true && false && ! true ^ ( false || true ) ~> .
</k>


Notably, not only does K insert whitespace where appropriate, it is also smart
enough to insert parentheses where necessary in order to ensure the correct
parse. For example, without those parentheses, the expression above would parse
equivalent to the following one:

(((true && false) && ! true) ^ false) || true


Indeed, you can confirm this by passing that exact expression to the id
function and evaluating it, then looking at the result of the unparser:

<k>
true && false && ! true ^ false || true ~> .
</k>


Here, because the meaning of the AST is the same both with and without
parentheses, K does not insert any parentheses when unparsing.

### Exercise

Modify the grammar of LESSON-09-A above so that the binary operators are
right associative. Try unparsing exp.bool again, and note how the result is
different. Explain the reason for the difference.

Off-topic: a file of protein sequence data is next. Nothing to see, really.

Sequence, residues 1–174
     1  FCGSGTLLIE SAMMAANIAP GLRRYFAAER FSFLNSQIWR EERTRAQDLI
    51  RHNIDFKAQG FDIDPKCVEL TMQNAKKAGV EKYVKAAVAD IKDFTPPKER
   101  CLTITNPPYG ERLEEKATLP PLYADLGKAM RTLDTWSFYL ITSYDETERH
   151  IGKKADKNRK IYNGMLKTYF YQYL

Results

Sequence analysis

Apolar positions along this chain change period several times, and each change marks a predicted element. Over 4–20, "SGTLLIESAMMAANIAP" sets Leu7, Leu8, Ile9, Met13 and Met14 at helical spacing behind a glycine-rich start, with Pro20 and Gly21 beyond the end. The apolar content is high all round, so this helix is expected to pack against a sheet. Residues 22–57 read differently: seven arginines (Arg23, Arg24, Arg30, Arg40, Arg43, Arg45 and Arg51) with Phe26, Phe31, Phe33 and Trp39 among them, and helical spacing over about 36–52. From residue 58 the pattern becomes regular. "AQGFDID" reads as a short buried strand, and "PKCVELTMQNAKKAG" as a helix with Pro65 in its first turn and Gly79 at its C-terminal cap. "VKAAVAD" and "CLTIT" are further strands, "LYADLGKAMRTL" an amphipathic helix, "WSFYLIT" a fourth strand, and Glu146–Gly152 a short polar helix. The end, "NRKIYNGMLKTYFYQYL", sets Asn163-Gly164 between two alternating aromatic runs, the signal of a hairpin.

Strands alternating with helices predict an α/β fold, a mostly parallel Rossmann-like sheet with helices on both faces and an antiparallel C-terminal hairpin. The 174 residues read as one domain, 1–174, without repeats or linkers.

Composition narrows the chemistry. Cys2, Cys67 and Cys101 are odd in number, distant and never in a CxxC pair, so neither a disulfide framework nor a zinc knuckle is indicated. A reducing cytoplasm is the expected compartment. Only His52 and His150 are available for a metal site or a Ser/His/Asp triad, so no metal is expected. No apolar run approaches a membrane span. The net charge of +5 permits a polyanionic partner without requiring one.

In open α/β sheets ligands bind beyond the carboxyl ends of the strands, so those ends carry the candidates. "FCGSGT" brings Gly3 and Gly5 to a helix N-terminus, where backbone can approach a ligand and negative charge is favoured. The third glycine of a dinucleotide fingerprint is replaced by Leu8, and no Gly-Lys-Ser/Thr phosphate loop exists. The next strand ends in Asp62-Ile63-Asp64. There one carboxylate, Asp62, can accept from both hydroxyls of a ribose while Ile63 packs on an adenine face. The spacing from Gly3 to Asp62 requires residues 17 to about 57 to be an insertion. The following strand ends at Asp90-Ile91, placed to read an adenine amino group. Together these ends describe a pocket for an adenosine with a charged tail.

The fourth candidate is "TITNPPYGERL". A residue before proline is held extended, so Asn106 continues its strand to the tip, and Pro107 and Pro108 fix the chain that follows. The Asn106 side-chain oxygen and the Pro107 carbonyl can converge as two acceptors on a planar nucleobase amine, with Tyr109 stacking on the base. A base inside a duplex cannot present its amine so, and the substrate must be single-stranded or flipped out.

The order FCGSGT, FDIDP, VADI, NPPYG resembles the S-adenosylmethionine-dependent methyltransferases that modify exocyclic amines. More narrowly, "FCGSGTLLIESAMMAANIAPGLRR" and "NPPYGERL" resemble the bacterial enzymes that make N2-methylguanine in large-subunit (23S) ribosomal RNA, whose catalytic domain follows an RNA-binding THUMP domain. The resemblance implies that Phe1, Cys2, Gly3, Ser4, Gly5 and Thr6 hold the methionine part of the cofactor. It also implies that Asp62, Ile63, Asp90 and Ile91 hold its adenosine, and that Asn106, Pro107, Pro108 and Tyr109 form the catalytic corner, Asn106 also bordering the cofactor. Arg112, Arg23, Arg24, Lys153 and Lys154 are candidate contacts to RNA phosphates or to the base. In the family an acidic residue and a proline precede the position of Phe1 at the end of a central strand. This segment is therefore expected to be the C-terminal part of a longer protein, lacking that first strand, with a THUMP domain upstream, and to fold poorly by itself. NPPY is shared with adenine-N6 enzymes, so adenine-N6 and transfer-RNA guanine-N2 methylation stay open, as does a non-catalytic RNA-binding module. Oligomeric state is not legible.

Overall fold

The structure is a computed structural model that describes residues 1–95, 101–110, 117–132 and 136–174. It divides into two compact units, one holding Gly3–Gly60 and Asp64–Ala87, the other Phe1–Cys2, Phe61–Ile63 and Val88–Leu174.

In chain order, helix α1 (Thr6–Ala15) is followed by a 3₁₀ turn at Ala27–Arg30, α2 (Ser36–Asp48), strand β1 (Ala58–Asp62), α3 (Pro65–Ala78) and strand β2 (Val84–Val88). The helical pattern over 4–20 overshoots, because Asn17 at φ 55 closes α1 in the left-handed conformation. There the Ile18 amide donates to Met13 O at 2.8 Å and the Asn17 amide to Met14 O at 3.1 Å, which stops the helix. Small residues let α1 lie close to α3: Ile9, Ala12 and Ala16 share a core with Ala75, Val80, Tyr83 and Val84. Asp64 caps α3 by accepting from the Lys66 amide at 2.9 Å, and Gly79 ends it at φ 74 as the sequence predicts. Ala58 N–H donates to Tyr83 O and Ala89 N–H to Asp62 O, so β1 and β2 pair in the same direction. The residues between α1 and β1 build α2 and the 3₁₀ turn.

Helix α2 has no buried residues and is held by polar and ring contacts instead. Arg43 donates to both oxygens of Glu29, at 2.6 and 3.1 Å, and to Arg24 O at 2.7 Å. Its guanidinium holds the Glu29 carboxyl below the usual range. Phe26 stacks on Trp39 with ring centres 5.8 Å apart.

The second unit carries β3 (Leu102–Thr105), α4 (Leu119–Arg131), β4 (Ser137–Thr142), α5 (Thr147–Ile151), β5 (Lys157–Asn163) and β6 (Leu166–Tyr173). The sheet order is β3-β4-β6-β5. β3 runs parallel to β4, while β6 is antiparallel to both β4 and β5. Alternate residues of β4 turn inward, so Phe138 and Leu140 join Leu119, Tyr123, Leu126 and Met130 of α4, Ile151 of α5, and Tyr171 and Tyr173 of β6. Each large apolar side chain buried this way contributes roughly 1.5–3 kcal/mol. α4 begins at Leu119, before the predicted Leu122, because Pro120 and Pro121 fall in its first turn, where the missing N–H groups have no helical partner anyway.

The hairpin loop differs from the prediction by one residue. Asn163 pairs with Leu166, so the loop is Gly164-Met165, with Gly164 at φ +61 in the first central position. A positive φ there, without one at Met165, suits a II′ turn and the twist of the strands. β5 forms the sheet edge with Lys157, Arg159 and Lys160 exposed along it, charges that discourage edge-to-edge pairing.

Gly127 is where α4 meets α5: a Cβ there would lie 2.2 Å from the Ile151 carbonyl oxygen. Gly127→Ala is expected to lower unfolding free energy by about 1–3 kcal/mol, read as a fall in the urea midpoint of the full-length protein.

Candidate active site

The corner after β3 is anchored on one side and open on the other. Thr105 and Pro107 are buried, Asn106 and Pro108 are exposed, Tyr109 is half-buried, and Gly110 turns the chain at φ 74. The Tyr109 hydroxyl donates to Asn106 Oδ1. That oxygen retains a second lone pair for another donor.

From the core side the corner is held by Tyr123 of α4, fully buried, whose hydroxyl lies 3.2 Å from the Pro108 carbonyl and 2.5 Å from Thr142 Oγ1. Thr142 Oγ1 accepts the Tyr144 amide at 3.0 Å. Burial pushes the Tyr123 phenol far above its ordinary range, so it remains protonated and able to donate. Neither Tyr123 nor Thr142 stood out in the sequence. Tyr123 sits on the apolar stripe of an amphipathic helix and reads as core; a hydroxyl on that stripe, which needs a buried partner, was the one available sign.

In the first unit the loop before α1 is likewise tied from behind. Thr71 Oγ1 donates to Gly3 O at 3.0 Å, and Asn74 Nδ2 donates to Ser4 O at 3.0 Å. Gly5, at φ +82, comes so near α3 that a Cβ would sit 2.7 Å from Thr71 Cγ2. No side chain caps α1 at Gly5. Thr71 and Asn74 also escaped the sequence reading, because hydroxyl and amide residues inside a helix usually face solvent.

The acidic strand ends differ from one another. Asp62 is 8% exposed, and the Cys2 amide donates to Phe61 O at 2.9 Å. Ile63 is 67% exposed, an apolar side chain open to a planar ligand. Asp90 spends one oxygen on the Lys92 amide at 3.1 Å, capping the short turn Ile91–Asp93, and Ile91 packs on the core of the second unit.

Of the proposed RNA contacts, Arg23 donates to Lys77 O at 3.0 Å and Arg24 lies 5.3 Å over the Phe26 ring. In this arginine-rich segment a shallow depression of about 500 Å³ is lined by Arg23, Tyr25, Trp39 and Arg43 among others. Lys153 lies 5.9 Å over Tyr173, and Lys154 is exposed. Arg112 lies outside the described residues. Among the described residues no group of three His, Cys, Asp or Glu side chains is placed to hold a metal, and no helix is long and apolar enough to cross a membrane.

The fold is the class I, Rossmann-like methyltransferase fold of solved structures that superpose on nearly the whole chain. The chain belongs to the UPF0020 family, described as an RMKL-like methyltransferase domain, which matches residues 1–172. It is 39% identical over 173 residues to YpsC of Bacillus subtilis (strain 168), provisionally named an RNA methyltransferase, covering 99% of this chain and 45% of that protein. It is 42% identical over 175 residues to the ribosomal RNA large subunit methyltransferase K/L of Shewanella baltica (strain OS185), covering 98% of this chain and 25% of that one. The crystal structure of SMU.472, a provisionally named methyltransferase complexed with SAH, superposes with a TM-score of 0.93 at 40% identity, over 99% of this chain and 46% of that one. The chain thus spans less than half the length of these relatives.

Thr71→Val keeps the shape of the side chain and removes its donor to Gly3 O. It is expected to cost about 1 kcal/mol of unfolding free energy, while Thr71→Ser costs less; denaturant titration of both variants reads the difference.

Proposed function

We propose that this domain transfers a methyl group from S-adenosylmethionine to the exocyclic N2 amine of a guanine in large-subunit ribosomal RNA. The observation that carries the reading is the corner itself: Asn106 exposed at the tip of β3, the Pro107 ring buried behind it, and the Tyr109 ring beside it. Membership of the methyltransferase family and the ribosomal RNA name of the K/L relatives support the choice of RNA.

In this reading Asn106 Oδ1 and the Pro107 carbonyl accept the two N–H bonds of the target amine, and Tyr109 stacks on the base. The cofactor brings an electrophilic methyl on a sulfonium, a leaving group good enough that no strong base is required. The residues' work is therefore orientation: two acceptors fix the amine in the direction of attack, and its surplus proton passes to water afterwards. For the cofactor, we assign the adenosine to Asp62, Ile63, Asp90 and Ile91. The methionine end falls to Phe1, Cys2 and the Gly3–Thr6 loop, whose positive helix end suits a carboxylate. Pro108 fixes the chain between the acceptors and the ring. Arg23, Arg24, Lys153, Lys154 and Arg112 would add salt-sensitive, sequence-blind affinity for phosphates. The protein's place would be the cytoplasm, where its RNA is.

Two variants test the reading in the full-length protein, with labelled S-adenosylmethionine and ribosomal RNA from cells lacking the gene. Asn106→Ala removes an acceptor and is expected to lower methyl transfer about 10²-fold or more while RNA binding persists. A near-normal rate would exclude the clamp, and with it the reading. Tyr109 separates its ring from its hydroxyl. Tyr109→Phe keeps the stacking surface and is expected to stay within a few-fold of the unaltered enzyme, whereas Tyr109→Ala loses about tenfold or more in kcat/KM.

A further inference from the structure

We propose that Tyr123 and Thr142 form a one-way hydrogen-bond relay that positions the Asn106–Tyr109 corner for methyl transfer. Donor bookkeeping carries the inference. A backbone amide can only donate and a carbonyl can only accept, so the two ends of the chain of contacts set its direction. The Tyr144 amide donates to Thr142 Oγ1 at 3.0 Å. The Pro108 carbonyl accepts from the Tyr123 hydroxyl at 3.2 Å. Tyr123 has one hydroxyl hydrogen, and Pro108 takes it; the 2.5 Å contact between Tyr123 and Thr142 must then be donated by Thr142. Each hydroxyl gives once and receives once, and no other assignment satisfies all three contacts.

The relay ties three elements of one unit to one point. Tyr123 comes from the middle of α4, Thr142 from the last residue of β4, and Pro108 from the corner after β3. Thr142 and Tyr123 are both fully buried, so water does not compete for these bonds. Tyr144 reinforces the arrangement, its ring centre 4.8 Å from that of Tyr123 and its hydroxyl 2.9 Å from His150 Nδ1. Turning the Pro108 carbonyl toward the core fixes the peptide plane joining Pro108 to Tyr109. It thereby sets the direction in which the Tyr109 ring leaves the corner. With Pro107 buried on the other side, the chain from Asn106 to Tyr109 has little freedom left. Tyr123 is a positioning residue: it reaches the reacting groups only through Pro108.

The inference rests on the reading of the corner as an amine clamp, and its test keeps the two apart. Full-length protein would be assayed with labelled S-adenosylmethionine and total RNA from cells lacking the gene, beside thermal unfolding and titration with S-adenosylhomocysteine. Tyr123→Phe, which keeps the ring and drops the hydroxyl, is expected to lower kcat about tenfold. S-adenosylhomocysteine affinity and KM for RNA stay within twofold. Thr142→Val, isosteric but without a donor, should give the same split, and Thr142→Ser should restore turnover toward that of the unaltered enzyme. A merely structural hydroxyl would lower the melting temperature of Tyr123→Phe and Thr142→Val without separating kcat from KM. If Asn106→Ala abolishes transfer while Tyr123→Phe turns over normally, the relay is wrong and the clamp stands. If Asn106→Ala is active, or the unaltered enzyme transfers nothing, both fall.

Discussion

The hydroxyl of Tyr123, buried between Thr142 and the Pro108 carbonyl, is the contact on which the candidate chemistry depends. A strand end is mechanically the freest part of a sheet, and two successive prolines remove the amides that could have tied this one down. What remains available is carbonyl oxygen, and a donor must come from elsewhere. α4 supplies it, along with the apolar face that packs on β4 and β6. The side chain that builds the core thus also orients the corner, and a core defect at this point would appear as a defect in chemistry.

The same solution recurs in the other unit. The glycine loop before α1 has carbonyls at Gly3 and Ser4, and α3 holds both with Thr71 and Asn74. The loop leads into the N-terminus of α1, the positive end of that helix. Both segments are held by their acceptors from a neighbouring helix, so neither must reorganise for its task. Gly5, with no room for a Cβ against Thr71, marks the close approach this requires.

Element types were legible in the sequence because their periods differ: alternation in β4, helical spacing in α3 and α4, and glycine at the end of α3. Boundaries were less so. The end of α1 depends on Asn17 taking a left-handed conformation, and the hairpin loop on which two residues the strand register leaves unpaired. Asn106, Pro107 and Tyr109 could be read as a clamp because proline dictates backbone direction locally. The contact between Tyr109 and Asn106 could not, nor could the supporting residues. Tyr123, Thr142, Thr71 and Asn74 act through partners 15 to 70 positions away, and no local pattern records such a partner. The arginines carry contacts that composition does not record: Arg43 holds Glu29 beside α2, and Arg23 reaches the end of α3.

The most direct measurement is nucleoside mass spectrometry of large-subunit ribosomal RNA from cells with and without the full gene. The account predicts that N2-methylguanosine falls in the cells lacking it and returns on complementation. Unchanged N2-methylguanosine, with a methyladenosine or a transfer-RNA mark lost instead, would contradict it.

## Custom unparsing of terms

You may have noticed that right now, the unparsing of terms is not terribly
imaginative. All it is doing is taking each child of the term, inserting it
into the non-terminal positions of the production, then printing the production
with a space between each terminal or non-terminal. It is easy to see why this
might not be desirable in some cases. Consider the following K definition
(lesson-09-b.k):

module LESSON-09-B
imports BOOL

syntax Stmt ::= "{" Stmt "}" | "{" "}"
> right:
Stmt Stmt
| "if" "(" Bool ")" Stmt
| "if" "(" Bool ")" Stmt "else" Stmt [avoid]
endmodule


This is a statement grammar, simplified to the point of meaninglessness, but
still useful as an object lesson in unparsing. Consider the following program
in this grammar (if.stmt):

if (true) {
if (true) {}
if (false) {}
if (true) {
if (false) {} else {}
} else {
if (false) {}
}
}


This is how that term would be unparsed if it appeared in the output of krun:

if ( true ) { if ( true ) { } if ( false ) { } if ( true ) { if ( false ) { } else { } } else { if ( false ) { } } }


This is clearly much less legible than we started with! What are we to do?
Well, K provides an attribute, format, that can be applied to any production,
which controls how that production gets unparsed. You've seen how it gets
unparsed by default, but via this attribute, the developer has complete control
over how the term is printed. Of course, the user can trivially create ways to
print terms that would not parse back into the same term. Sometimes this is